12 - Lecture 12: Digital Controller Design Using Root Locus...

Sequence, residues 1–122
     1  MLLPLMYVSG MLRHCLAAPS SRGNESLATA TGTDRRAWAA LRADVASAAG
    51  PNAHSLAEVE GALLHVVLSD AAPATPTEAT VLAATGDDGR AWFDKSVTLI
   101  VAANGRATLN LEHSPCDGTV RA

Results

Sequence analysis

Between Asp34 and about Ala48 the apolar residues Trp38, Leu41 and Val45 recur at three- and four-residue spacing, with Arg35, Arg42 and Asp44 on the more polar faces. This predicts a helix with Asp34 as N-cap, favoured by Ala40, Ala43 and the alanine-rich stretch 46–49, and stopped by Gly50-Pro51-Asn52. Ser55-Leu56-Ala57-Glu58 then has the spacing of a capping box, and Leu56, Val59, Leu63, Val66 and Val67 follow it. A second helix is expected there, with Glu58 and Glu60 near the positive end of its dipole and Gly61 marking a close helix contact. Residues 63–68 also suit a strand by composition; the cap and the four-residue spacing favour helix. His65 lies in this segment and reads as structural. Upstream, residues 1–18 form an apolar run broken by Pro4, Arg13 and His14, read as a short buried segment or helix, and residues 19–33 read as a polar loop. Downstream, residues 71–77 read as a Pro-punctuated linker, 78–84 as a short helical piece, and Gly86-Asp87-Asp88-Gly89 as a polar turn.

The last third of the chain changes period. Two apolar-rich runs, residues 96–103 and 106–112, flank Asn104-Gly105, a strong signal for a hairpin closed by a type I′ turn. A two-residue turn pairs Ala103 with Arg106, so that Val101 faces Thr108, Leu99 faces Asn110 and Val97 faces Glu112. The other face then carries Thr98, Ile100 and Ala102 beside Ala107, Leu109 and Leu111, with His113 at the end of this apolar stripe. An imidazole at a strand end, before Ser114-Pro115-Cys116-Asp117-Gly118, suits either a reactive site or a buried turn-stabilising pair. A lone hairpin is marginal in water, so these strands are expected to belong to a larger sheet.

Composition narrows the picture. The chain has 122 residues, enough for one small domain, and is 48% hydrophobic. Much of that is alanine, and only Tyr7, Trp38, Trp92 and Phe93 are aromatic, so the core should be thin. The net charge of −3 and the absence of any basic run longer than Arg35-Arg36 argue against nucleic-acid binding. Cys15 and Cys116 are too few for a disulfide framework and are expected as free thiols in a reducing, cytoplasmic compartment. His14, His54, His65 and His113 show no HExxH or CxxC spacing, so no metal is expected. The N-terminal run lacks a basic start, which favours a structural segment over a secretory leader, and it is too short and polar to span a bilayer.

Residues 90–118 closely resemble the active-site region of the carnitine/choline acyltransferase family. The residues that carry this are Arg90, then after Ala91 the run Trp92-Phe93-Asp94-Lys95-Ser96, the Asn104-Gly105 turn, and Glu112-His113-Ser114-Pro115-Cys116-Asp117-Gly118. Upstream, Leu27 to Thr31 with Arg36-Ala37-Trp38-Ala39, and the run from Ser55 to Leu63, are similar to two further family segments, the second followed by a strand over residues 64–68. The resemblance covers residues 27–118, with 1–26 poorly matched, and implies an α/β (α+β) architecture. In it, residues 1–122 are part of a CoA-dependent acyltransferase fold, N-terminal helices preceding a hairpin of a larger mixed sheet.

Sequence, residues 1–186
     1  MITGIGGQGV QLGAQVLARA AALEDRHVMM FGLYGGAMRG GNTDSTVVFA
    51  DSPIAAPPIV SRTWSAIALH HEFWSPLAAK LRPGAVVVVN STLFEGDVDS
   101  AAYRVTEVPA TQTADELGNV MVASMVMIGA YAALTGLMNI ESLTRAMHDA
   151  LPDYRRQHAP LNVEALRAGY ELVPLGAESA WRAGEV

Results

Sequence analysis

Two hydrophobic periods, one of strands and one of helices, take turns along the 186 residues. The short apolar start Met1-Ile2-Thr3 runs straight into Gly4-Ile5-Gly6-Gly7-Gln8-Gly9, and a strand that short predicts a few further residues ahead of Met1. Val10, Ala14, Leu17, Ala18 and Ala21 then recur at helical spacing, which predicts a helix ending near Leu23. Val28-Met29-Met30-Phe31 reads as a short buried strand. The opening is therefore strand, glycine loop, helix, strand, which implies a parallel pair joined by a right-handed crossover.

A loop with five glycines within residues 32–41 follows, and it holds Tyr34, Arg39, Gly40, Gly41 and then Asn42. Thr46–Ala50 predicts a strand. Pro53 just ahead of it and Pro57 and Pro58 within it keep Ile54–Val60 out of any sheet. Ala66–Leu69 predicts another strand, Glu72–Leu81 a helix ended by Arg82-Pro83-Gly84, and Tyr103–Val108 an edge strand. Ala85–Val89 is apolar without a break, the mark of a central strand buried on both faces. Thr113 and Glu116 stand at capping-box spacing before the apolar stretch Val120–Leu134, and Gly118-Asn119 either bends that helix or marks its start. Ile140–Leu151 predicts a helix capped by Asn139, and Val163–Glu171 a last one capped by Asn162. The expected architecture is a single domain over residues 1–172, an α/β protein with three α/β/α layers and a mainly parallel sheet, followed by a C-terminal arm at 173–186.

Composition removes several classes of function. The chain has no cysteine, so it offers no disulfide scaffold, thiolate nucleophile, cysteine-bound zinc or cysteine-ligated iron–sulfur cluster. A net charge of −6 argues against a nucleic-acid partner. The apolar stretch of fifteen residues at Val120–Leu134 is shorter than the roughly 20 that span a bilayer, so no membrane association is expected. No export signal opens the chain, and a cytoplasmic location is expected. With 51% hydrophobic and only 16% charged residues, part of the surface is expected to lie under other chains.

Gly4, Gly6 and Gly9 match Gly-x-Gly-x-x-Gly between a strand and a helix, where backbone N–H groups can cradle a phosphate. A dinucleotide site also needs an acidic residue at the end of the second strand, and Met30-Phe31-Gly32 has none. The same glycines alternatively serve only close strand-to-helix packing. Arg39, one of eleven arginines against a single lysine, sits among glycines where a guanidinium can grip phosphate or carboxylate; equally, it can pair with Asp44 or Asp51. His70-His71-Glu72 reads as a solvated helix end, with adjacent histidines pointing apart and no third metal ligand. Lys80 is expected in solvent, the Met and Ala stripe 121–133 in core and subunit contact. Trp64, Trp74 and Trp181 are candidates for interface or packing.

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Unformatted text preview: Lecture 12: Digital Controller Design Using Root Locus • Overview • A Motivational Example • Phase-Lead Compensation • Phase-Lag Compensation • Lag-Lead Compensation • Reading: Chapter 8 Digital Controller Design Process • Design is the process of find suitable digital compensators to achieve desired performance specifications Commonly used compensators – – – – Phase-lead compensator Phase-lag compensator Lag-lead compensator PID compensators • • Design methods: manual, root-locus, frequency-response, statemodel, computer-aided design Due to inaccurate system models, multiple design iterations may be needed for satisfactory performance • 1 Compensation by Digital Controllers Original (uncompensated) system: R(s) + T G(s) C (s) ¡ H (s) Transfer function: C (z ) R(z ) = G(z ) 1+GH (z ) System with digital controller (compensator) R(s) + T D(z ) G(s) C (s) ¡ H (s) Transfer function: R(z ) C (z ) = D(z )G(z ) 1+D (z )GH (z ) Inner Loop Digital Compensation R(s) + T G1 (s) + ¡ ¡ G2(s) T C (s) H2 (s) D(z ) H1 (s) Digital compensator D(z) is employed in the inner loop of the feedback system. (minor-loop compensation) 2 Typical Design Objectives • • To stabilize the system (or increase stability margin) To improve the system transient response • • To decrease the steady-state tracking errors To make the system more robust to parameter variations and external perturbations To improve system efficiency • To Improve System Stability • • Stability is the primary concern in the design of any practical system Stability is often characterized by • Locations of the closed-loop poles • Stability margin: gain margin and phase margin Suitable design of digital controllers can improve stability • Make an originally unstable system stable (stabilization) • Increase stability margins Sometimes at odd with other objectives • • 3 To Improve System Transient Response • The response of the (stable) system is largely determined by the locations of its closed-loop poles, especially the dominant poles – For continuous-time systems, poles furthest to the right – For sampled-data systems, poles furthest from the origin • Some commonly used response specifications – Maximum overshoot Mp – Settling time ts – Peak time, rise time, etc. • By adjusting the parameters in the digital controller, one can move dominant poles towards the desired locations – Often analyzed using root locus method To Decrease Steady-State Tracking Errors R(s) + T D(z ) G(s) = ¡ 1 s+1 C (s) G(z ) = Type 0 system, with ess=0.5 for unit step input and ess=1 for unit ramp input 1¡e¡T z¡e¡T With a digital compensator D(z) = Kd z z¡1 Compensated system is of type 1, with ess = 0 for unit step input T ess = Kd for unit ramp input 4 For Better Disturbance Rejection disturbance F (s) R(s) + T D(z ) G1 (s) + + G2 (s) C (s) ¡ C (z ) = D(z )G1 G2 (z ) R(z ) 1+D(z )G1 G2 (z) + G2 F (z) 1+D(z )G1 G2 (z) Due to input Due to disturbance By choosing the compensator D(z)=Kd with a large Kd, the effect of disturbance can be significantly reduced without affecting the tracking performance. To Increase Efficiency • In practical applications, everything including the control input comes at a cost • Find the compensator that satisfies all the performance specifications while minimizing control cost is a meaningful problem • Optimal control problem 5 Commonly Used Compensators • Proportional compensator D(z) = Kd • First Order Compensator: z¡z0 D(z) = Kd z¡zp • Depending on the choice of z0 and zp, we can have – Phase-Lag Compensator (low pass filter): z0<zp<1 – Phase-Lead Compensator (high pass filter): zp<z0<1 • Lag-lead compensator is a composition of phase-lead and phase-lag compensators • PID Controller Digital Controller Design Using Root Locus 6 s-Plane Specifications (s-grids) H (s) = 2 !n 2+2³ !ns+! 2 s n 1 0.4 0.30.20.1 0.5 0.6 0.8 0.7 0.6 has two poles p1;2 = ¡¾ § j !d Damping ratio: ³ Undamped natural frequency: 0.8 0.9 p1 q £ 0.4 !n !d = 1 ¡ ³ 2!n !n ¯ 0.2 µ ¾ = ³ !n 0.2 Settling time (2%) 4 ts ' ³ !n Mp = e ¡p ³ 1¡³ 2 0.9 0.8 ¼ p2£ 0.4 0.6 Maximum overshoot 0.7 0.6 0.8 0.5 0.30.20.1 0.4 1 z-Plane Specifications (z-grids) 1 0.6 /T 0.8 0.7 /T 0.5 /T 0.4 /T 0.1 0.3 /T 0.2 0.6 0.8 /T 0.3 0.4 0.5 0.4 0.9 /T 0.2 0.6 0.7 0.8 0.9 /T /T 0.1 /T 0.2 /T 0 -0.2 0.9 /T -0.4 0.1 /T -0.6 0.8 /T 0.2 /T -0.8 0.7 /T 0.6 /T 0.4 /T 0.5 /T 0 0.3 /T -1 -1 -0.5 0.5 1 7 Procedures for Deriving z-Plane Specifications • Given a set of time specifications, such as maximum overshoot, settling time, rise time, etc. Determine the desired locations q* of the dominant poles of the corresponding continuous-time system from the desired ³ and !n From the z-grids, find the desired locations p* of the dominant poles of the compensated discrete-time system • • Example Design Specifications (T=0.5): 1 0.6 /T 0.8 0.7 /T 0.5 /T 0.4 /T 0.1 0.3 /T 0.2 Mp=16.3 % 0.6 0.8 /T 0.3 0.4 0.5 0.2 /T ) ³ = 0:5 0.4 0.9 /T 0.2 0.6 0.7 0.8 0.9 /T /T 0.1 /T ts<10 (2% criterion) 0 ) ³ !n > 0:4 -0.2 0.9 /T -0.4 0.1 /T ) jpj < e¡0:4T -0.6 0.8 /T 0.2 /T -0.8 0.7 /T 0.6 /T 0.4 /T 0.5 /T 0 0.3 /T -1 -1 -0.5 0.5 1 8 A Motivating Example R(s) + T =1 D(z ) G(s) C (s) ¡ G(z) = Design specifications: Max overshoot: 0:0484(z+0:9672) (z¡1)(z¡0:9048) Mp · 0:1630 ) ³ ¸ 0:5 Settling time (2% criterion): ts · 10 Steady-State error: (for tracking unit ramp input) ) ) jpj · 0:67 Kdc ¸ 1:2 ess · 0:83 Proportional Controller Alone is Not Enough D(z) = Kd Root Locus 1 0.6 /T 0.8 0.6 0.4 Imaginary Axis 0.5 /T 0.4 /T 0.1 /T 0.3 0.2 0.3 0.4 0.2 /T 0.5 0.6 0.7 0.1 /T 0.8 0.9 0.7 /T 0.8 /T 0.2 0 -0.2 -0.4 -0.6 -0.8 -1 -1 0.9 /T /T /T 0.9 /T 0.1 /T 0.8 /T 0.7 /T 0.6 /T -0.5 0.5 /T 0 Real Axis 0.4 /T 0.5 0.3 /T 0.2 /T 1 9 First Try D(z) = Kd z¡0:9048 z¡0:3679 1 0.6 /T 0.8 0.6 0.4 Imaginary Axis (Kd = 3:35) Root Locus 0.5 /T 0.4 /T (cancel the original pole at 0.9048, replace with 0.3679) System: sys Gain: 3.35 0.1 /T 0.3 Pole: 0.6 + 0.401i 0.2 Damping: 0.3 Overshoot (%): 0.4 0.2 /T Frequency (rad/sec): 0.5 0.6 0.7 0.1 /T 0.8 0.9 0.7 /T 0.8 /T 0.2 0 -0.2 -0.4 -0.6 -0.8 -1 0.9 /T /T /T 0.9 /T 0.1 /T 0.8 /T 0.7 /T 0.6 /T -1 -0.5 0.5 /T 0 Real Axis 0.4 /T 0.5 0.3 /T 0.2 /T 1 Kdc = 0:5 (does not meet the steady-state error specification) Second Try D(z) = Kd z¡0:80 z¡0:05 1 0.6 /T 0.8 0.6 0.4 Imaginary Axis (Kd = 6) Root Locus 0.5 /T 0.4 /T System: sys Gain: 6.01 0.1 /T 0.3 Pole: 0.451 + 0.386i 0.2 Damping: 0.3 Overshoot (%): 0.4 0.2 /T Frequency (rad/sec): 0.5 0.6 0.7 0.1 /T 0.8 0.9 0.7 /T 0.8 /T 0.2 0 -0.2 -0.4 -0.6 -0.8 -1 0.9 /T /T /T 0.9 /T 0.1 /T 0.8 /T 0.7 /T 0.6 /T -1 -0.5 0.5 /T 0 Real Axis 0.4 /T 0.5 0.3 /T 0.2 /T 1 Kdc = 1:26 All specification satisfied, but introduce an additional poles at 0.74 10 Unit Step Response Step Response 1.4 1.2 1 Amplitude 0.8 0.6 0.4 0.2 0 0 5 10 Time (sec) 15 20 25 Phase-Lead Compensation 11 Example: An Uncompensated System R(s) + T = 0:1 G(s) C (s) ¡ G(s) = 1 1¡e¡T s K s s(s+1) Root Locus G(z) = 0:004837K(z+0:9672) (z¡1)(z¡0:9048) For K=0.244, the system has a double closed-loop pole at: p1;2 = 0:952 Unit step response 1 0.9 0.8 0.6 0.4 0.2 Imaginary Axis System: G Gain: 0.244 Pole: 0.952 Damping: 1 Overshoot (%): 0 Frequency (rad/sec): 0.0494 0.8 0.7 0.6 0.5 0 -0.2 0.4 -0.4 0.3 0.2 0.1 -0.6 -0.8 0 -1 -1 -0.8 -0.6 -0.4 -0.2 0 Real Axis 0.2 0.4 0.6 0.8 1 0 2 4 6 8 10 12 Design Problem I R(s) + T = 0:1 D(z ) G(s) C (s) ¡ G(z) = 0:004837K(z+0:9672) (z¡1)(z¡0:9048) (K=0.244) Objective: Design the digital controller D(z) so that the closed-loop system has a double dominant pole at p¤ = 0:844 Root Locus 1 Settling time for uncompensated system: 0.8 0.6 0.4 Imaginary Axis ts = 8:12 s Settling time for compensated system: 0.2 0 -0.2 -0.4 -0.6 -0.8 -1 ¤ p¤ ts = 2:36 s -1 -0.5 0 Real Axis 0.5 1 12 A Simple Solution Design the digital compensator of the form z¡z0 D(z ) = Kd z¡zp so that the introduced zero z0=0.9048 cancels one of the original open -loop poles Root Locus 1 0.8 0.6 0:904 D(z ) = 10:5 z¡¡0:7 8 z System: untitled1 Gain: 10.5 Pole: 0.844 + 8.13e-008i Damping: 1 Overshoot (%): 0 Frequency (rad/sec): 0.17 0.4 0.2 Imaginary Axis 0 -0.2 -0.4 -0.6 -0.8 -1 -1 -0.8 -0.6 -0.4 -0.2 0 Real Axis 0.2 0.4 0.6 0.8 1 Comparison of Unit Step Responses Step Response 1 0.9 0.8 0.7 0.6 Amplitude 0.5 0.4 0.3 0.2 0.1 0 compensated uncompensated 0 20 40 60 Samples 80 100 120 0:904 D(z ) = 10:5 z¡¡0:7 8 z 13 Phase-Lead Compensation • Problem: given a closed-loop system, we wish to improve its dynamic characteristics, such as time constant, settling time, maximum overshoot, … Normally a simple proportional controller is not enough Solution: use a phase-lead compensator of the form z¡z0 D(z ) = Kd z¡zp • • (zp < z0 < 1) to bend the root locus of the original system • Compare with continuous-time phase-lead compensator s¡s0 C (s) = Kd s¡sp (sp < s0 < 0) Finding the Proper Phase-Lead Compensator R(s) + T D(z ) G(s) C (s) ¡ z¡z0 D(z ) = Kd z¡zp ) G(z) = K (z¡z1 )¢¢¢¢¢¢(z¡zm) (z¡p1 ) (z¡pn Goal: the desirable closed-loop pole of the compensated system is at p* , which is not on the root locus of the uncompensated system Solution: find Kd, z0, and zp such that 1 + D(p¤)G(p¤) = 0 ) 6 D(p¤)G(p¤) = 180± p ¡z0 , 1 + Kd p¤ ¡zp G(p¤) = 0 ¤ , , [6 (p¤ ¡ z0 ) ¡ 6 (p¤ ¡ zp)] + 6 G(p¤) = 180± [6 (p¤ ¡ z0 ) ¡ 6 (p¤ ¡ zp)] = 180± ¡ 6 G(p¤) Á: angle of deficiency 14 Determining zp and z0 Geometrically p¤ Á zp £ ± z0 Once zp and z0 are determined, Kd can be found by using the magnitude condition Design Problem II R(s) + T = 0:1 D(z ) 0:004837K(z+0:9672) (z¡1)(z¡0:9048) G(s) C (s) ¡ G(z) = (K=0.244) Objective: Design the digital controller D(z) so that the closed-loop system has a dominant pole at p¤ = 0:4 + j 0:4 (³ = 0:6) Root Locus 1 0.8 0.6 0.4 Imaginary Axis 6 G(p¤) = 88:39± p¤ ¤ ) Á = 91:60± Set z0 = 0:85 0.2 0 -0.2 -0.4 -0.6 -0.8 -1 zp = 0:024 Kd = 250 ¡0 D(z ) = 250 zz¡0::85 024 -1 -0.5 0 Real Axis 0.5 1 15 Compensated System R(s) + T = 0:1 D(z ) ¡0 D(z ) = 250 zz¡0::85 024 Root Locus G(s) 0:004837K(z+0:9672) (z¡1)(z¡0:9048) C (s) ¡ G(z) = (K=0.244) 1 0.8 0.6 System: untitled1 Gain: 250 Pole: 0.4 + 0.396i Damping: 0.593 Overshoot (%): 9.87 Frequency (rad/sec): 0.968 0.4 0.2 Imaginary Axis 0 -0.2 -0.4 -0.6 -0.8 -1 -1 -0.8 -0.6 -0.4 -0.2 0 Real Axis 0.2 0.4 0.6 0.8 1 Comparison of Unit Step Responses Step Response 1.4 1.2 compensated 1 Amplitude 0.8 0.6 0.4 uncompensated 0.2 0 0 20 40 60 Samples 80 100 120 16 Phase-Lag Compensation Example: An Uncompensated System R(s) + T =1 G(s) C (s) ¡ G(s) = 1¡e¡T s 0:3812 s s(s+1) ) G(z) = 0:1442(z+0:717) (z¡1)(z¡0:368) Closed-loop poles locations: : (z+0 717) 1 + G(z) = 1 + 0z1442(z¡0::368) = 0 ( ¡1) ) p1;2 = 0:6119 § j 0:3114 Type 1 system, with Kdc = 0:3918 17 Root Locus of the Uncompensated System R(s) + T =1 D(z ) G(s) C (s) ¡ A system with open loop transfer function G(z) = 0:1442(z+0:717) (z¡1)(z¡0:368) Root Locus 1 0.6 /T 0.8 0.7 /T 0.5 /T 0.4 /T 0.1 0.3 /T 0.2 0.6 0.3 0.8 /T 0.4 0.5 0.6 0.9 /T 0.2 Imaginary Axis A proportional compensator 0.4 System: sys Gain: 1 Pole: 0.606 + 0.311i 0.2 /T Damping: Overshoot (%): Frequency (rad/sec): 0.1 /T D(z) = K 0.7 0.8 0.9 0 /T /T -0.2 0.9 /T -0.4 0.8 /T 0.2 /T 0.1 /T -0.6 By setting K=1, we get the original uncompensated system -0.8 0.7 /T 0.6 /T 0.4 /T 0.5 /T -1 -0.5 0 Real Axis 0.3 /T -1 0.5 1 Design Problem • Suppose that we are satisfied with the dynamic characteristic of the uncompensated system, but not the steady-state error performance Problem: we want to decrease the original system’s steady-state error in tracking the unit ramp input, without changing its dominant closed-loop pole location appreciably A simple proportional controller won’t be enough Solution: use a phase-lag compensator • • • 18 Phase-Lag Compensator • A phase-lag compensator is of the form z¡z0 D(z ) = Kd z¡zp (0 < z0 < zp < 1) where both the zero z0 and the zp are very close to 1 • Compare with continuous-time phase-lag compensator where both s0 and sp are very close to 0 • Properties of phase-lag compensator (by using Kd=1) – No significant modification of the root locus of the original system away from 1 – Increase the steady-state error constant by a factor of 1¡z0 1¡zp s¡s0 C (s) = Kd s¡sp (s0 < sp < 0) >1 Explanation of the Properties of Phase-Lag Compensator ± £ z0 ±£ £ zp 19 Design Example R(s) + T =1 D(z ) G(s) C (s) ¡ G(z) = 0:1442(z+0:717) (z¡1)(z¡0:368) Decrease the steady-state error for tracking unit ramp input to 1/10 of the uncompensated system without changing its dominant closed -loop locations Phase-lag compensator: D(z ) = z¡z0 z ¡zp (0 < z0 < zp < 1) satisfying both z0 and zp are close to 1 and 1¡z0 1¡zp = 10 One example: z0 = 0:99, zp = 0:999 Compensated System G(z) = D (z ) = 1 0:1442(z+0:717) (z¡1)(z¡0:368) z ¡0:99 z ¡0:999 Root Locus Characteristic equation: 1 + 0:1442(z+0:717)(z¡0:99) (z¡1)(z¡0:368)(z¡0:999) =0 Closed-loop poles: p1 = 0:6165 + j 0:3078 p2 = 0:6165 ¡ j 0:3078 p3 = 0:9898 p1,2 determine largely the response 0.8 System: untitled1 Gain: 1 Pole: 0.61 + 0.307i Damping: 0.634 Overshoot (%): 7.63 Frequency (rad/sec): 0.602 0.6 0.4 0.2 Imaginary Axis 0 Root Locus -0.2 0.015 0.01 -0.4 0.005 -0.6 Imaginary Axis 0 -0.8 -0.005 -0.01 -1 -1 -0.8 -0.6 -0.4 -0.2 0 Real Axis 0.2 0.4 0.6 0.8 1 -0.015 0.98 0.985 0.99 Real Axis 0.995 1 20 Unit Step Response Step Response 1.4 1.4 Step Response 1.2 1.2 1 1 Amplitude 0.6 Amplitude 0.8 0.8 0.6 0.4 0.4 0.2 0.2 0 0 5 10 Time (sec) 15 20 25 0 0 5 10 Time (sec) 15 20 25 Uncompensated system Compensated system (longer horizon below) Step Response 1.4 1.2 1 Amplitude 0.8 0.6 0.4 0.2 0 0 50 Time (sec) 100 150 Unit Ramp Output Uncompensated system Impulse Response 50 45 40 35 Amplitude Amplitude Compensated system Impulse Response 50 45 40 35 30 25 20 15 10 5 0 30 25 20 15 10 5 0 0 5 10 15 20 25 30 n (samples) Impulse Response 35 40 45 0 5 10 15 20 25 30 n (samples) ramp response 35 40 45 498.5 498 497.5 497 501 Longer horizon 500.5 500 499.5 Longer horizon Amplitude 496.5 496 495.5 Amplitude 497.5 498 498.5 499 Time (sec) 499.5 500 500.5 501 499 498.5 498 495 497.5 494.5 497 494 497 496.5 497 497.5 498 498.5 499 Time (sec) 499.5 500 500.5 501 21 Summary • A phase-lag compensator can reduce the system’s steady-state errors without changing its dominant poles’ locations significantly Phase-lag compensator introduces a closed-loop pole near 1, resulting in a small yet persistent response in the unit step response Phase-lead compensator can be combined with phase-lad compensator to form the Lag-Lead Compensator: z ¡z0 D(z ) = Kd z¡zp z¡z0 0 z ¡z 0 p • • 0 0 zp < z0 < 1, and z0 < zp < 1 are very close to 1. 22 ...